This one’s not a quote from the Buddha, as some sources say. It’s found in an 1887 book, compiled by Robert Christy, called Proverbs, Maxims, and Phases of All Ages, where it’s described as being a German saying. In that source it’s found in a slightly different form: “Better to weep with the wise than laugh with fools.”
It also contains gems such as “A wise man things all that he says, a fool says all that he thinks,” “Better with the wise in prison than with fools in paradise” (which is also German), and “Wise men learn by other men’s mistakes; fools by their own.”
The Buddha certainly talked about wise men and fools (there’s a chapter on each in the Dhammapada) but our fake verse is too polished to be from the Buddhist scriptures.
Although the Dhammapada chapters I referred to generally treat the topic of the fool and the wise person separately, here’s an example of the Buddha referring to both categories of person in one statement: “Come! Behold this world, which is like a decorated royal chariot. Here fools flounder, but the wise have no attachment to it.”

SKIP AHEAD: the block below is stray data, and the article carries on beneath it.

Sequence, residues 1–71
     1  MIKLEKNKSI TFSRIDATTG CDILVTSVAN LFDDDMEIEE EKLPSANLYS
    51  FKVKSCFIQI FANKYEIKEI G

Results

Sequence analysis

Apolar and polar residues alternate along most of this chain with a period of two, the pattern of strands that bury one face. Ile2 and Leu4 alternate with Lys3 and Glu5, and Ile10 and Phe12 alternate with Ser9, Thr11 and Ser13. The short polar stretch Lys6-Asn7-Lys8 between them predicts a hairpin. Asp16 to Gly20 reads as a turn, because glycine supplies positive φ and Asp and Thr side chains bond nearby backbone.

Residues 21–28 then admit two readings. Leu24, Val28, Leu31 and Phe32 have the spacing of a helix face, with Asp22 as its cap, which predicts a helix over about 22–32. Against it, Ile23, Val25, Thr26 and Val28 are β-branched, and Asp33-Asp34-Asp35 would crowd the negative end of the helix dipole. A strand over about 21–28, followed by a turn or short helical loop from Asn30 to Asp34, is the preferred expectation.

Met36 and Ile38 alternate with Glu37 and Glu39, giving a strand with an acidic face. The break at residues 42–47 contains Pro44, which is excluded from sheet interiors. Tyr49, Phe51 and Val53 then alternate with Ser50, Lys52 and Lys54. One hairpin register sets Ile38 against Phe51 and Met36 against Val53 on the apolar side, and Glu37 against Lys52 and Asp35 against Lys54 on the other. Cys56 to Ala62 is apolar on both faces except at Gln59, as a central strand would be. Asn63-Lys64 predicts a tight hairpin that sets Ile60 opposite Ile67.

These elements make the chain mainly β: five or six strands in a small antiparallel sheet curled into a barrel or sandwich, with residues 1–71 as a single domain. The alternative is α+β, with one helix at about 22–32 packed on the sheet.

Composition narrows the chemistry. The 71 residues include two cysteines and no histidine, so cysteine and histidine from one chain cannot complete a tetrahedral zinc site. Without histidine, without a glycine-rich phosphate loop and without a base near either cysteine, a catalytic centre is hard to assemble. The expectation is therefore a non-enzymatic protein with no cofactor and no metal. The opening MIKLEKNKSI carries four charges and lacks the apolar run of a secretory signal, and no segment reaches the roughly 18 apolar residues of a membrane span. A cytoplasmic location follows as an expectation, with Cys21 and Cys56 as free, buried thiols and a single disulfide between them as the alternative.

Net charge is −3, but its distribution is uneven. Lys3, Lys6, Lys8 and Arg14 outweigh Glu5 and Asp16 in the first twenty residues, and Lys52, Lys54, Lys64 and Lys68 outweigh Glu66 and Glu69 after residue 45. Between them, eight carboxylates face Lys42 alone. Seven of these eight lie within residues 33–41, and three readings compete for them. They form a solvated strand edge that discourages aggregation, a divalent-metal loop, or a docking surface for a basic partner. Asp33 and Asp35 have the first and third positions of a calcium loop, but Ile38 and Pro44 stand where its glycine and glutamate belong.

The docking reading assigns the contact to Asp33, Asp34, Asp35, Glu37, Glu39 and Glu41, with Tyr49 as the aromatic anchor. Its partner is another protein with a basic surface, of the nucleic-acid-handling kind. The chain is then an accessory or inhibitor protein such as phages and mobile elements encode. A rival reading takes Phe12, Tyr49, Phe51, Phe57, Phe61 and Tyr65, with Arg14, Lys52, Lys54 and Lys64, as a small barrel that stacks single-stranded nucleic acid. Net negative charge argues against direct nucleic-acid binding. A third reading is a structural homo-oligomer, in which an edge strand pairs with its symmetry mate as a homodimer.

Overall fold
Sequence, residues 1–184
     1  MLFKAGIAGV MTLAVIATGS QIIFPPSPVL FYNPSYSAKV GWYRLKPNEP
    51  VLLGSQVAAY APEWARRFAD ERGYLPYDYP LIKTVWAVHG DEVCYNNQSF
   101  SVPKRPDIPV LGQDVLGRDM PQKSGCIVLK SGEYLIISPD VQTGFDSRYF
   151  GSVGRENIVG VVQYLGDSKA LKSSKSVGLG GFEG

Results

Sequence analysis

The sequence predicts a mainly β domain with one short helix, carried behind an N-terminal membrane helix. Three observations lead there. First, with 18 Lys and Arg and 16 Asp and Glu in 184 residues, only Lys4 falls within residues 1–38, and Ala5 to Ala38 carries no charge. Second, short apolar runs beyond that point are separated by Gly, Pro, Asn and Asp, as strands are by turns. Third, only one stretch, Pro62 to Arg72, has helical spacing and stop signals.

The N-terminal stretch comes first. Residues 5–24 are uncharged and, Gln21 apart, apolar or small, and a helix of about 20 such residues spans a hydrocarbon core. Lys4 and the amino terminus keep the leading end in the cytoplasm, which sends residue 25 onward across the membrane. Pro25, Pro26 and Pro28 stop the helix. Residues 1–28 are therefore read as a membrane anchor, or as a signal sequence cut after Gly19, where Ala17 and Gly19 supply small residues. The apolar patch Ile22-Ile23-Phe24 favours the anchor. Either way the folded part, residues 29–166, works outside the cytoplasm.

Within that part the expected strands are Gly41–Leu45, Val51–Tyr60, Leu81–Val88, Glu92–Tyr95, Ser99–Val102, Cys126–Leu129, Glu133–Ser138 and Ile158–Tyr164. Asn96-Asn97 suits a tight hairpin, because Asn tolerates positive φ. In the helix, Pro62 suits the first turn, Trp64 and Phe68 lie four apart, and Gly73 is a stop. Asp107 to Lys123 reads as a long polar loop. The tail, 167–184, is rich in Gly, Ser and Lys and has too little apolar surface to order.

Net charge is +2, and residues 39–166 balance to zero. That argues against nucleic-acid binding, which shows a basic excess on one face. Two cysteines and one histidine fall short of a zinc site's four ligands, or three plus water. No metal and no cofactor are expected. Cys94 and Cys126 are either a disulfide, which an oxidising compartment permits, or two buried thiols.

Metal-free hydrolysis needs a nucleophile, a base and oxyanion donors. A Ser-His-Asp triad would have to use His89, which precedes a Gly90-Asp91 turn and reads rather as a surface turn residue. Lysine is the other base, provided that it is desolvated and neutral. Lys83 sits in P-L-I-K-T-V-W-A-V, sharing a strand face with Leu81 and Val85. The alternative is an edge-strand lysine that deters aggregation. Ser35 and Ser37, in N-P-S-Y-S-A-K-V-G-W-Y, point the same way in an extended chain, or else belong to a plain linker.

Here’s one in which the fool and wise person are contrasted, although not in one sentence:
“Monks, these two are fools. Which two? The one who doesn’t see his transgression as a transgression, and the one who doesn’t rightfully pardon another who has confessed his transgression. These two are fools.
“These two are wise people. Which two? The one who sees his transgression as a transgression, and the one who rightfully pardons another who has confessed his transgression. These two are wise people.”
You’ll note that these lack the literary polish of our fake quote. By modern standards they’re rather “clunky” in style.
There is one verse I know from the Pali canon that does have a literary ring to it, but it’s a verse composed by a monk, Godatta, rather than the Buddha. In Ven Dhammika’s translation it’s
The fools offer praise and the wise
offer blame. Truly the blame
of the wise is much better
than the praise of the fool.
In Pali this is:
Dummedhehi pasaṃsā ca,
viññūhi garahā ca yā;
Garahāva seyyo viññūhi,
“The blame of the wise is better than the praise of the fool” would not have looked out of place in Christy’s book of maxims.
Incidentally, you may notice that the term “fool” hardly embodies the “non-judgmental” attitude that so many westerners expect the Buddha to have had. He seems to have been a feisty old coot, and didn’t suffer fools gladly.